A red star-like object called Calamity appears in our night’s sky. A year later, certain individuals begin developing supernatural powers and come to be known as Epics. A decade or so later, chaos reigns as the Epics turn our world into their personal playground–and battleground. The novel’s prologue flashes back ten years from the main events to a time when the world was still relatively whole. In an unsettling scene, the titular villain is introduced and grounds for a vendetta are established. The remainder of the excerpt follows the main character, whose name we don’t learn, along his first steps on the path of revenge as he courts the resistance movement known as the Reckoners.

Like many readers, I first heard the name Brandon Sanderson in connection with the Wheel of Time series. Having abandoned that bloated series long ago, I never read his contribution, but I did read and enjoy Elantris, the Mistborn trilogy, and Warbreaker. A few chapters into his gargantuan The Way of Kings, however, I realized I was experiencing Sanderson fatigue. Each of his books or series is best known for its wildly inventive magical system, but I felt like I was reading the same two or three character types with the same motivations battling the same circumstances over and over again.

Judging from the opening chapters, Steelheart shows all the signature strengths of the young writer while shedding the overwrought plotting and characters that plague some of his other work. The novel’s categorization as a YA novel, I think, accounts for a lot of the tight focus on action. The near future dystopian setting also shatters Sanderson’s fantasy mold–The Alloy of Law only cracked it. Of course, the world still bears Sanderson’s unmistakable imaginative stamp. Macleod Andrews’s lively narration also fits the fast pace of the novel quite well, though he’s also capable of rendering the few human, emotional moments expertly as well.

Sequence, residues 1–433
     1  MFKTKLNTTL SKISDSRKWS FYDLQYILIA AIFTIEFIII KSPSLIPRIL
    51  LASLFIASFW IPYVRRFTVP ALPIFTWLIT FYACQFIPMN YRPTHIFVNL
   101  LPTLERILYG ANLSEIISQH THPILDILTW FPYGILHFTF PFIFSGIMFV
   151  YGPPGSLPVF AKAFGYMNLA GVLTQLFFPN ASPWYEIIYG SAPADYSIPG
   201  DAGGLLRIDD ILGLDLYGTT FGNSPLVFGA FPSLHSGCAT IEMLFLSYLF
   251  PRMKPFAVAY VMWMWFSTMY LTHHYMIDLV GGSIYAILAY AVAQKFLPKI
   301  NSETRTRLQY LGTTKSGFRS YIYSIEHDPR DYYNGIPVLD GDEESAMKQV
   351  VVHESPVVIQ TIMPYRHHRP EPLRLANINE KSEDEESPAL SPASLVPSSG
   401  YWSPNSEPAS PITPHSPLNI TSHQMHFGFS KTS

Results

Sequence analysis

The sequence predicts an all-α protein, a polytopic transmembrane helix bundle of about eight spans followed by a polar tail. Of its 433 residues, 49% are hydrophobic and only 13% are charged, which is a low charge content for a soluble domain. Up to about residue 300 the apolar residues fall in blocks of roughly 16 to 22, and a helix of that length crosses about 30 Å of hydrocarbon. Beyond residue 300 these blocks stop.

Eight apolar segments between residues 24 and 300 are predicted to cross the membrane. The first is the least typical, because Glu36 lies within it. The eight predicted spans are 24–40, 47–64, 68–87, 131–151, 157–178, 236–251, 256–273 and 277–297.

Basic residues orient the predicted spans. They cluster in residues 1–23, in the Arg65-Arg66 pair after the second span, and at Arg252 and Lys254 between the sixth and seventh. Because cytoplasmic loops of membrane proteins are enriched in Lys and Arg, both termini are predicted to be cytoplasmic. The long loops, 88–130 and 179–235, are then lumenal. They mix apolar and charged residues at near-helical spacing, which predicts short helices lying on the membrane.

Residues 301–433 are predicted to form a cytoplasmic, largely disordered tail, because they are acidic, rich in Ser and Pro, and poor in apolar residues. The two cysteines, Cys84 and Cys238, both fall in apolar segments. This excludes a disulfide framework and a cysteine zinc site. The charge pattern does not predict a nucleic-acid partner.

I’m tempted to comment further on the excerpt, but I don’t want to spoil the experience. At an hour and a half, it really is worth a listen, even if you’re normally not a fan of dystopias or YA fiction.

Posted by Seth Wilson

Review of A Wild Sheep Chase by Haruki Murakami

August 28, 2013 by · 1 Comment
Filed under: Reviews 
SFFaudio Review

A Wild Sheep Chase coverA Wild Sheep Chase: A Novel
By Haruki Murakami; Read by Rupert Degas
Publisher: Random House Audio
Published: August 2013
ISBN: 9780804166539
[UNABRIDGED] – 9 hours, 38 minutes
Excerpt: |MP3|

Themes: / fantasy / sheep / surreal thriller /

Publisher summary:

It begins simply enough: A twenty-something advertising executive receives a postcard from a friend, and casually appropriates the image for an insurance company’s advertisement. What he doesn’t realize is that included in the pastoral scene is a mutant sheep with a star on its back, and in using this photo he has unwittingly captured the attention of a man in black who offers a menacing ultimatum: find the sheep or face dire consequences. Thus begins a surreal and elaborate quest that takes our hero from the urban haunts of Tokyo to the remote and snowy mountains of northern Japan, where he confronts not only the mythological sheep, but the confines of tradition and the demons deep within himself.

In Haruki Murakami’s seductive novel A Wild Sheep Chase, Murakami spins a yarn (see what I did there) around such issues as personal identity and the meaning of life.  Sound complicated?  No not really… well maybe a little, but it all depends on how deep you want to dive and how long you wish to hold your breath.  Do you need to be a trained philosopher and English/lit major to decipher the subtle beauty of this novel?  No, but it doesn’t hurt either.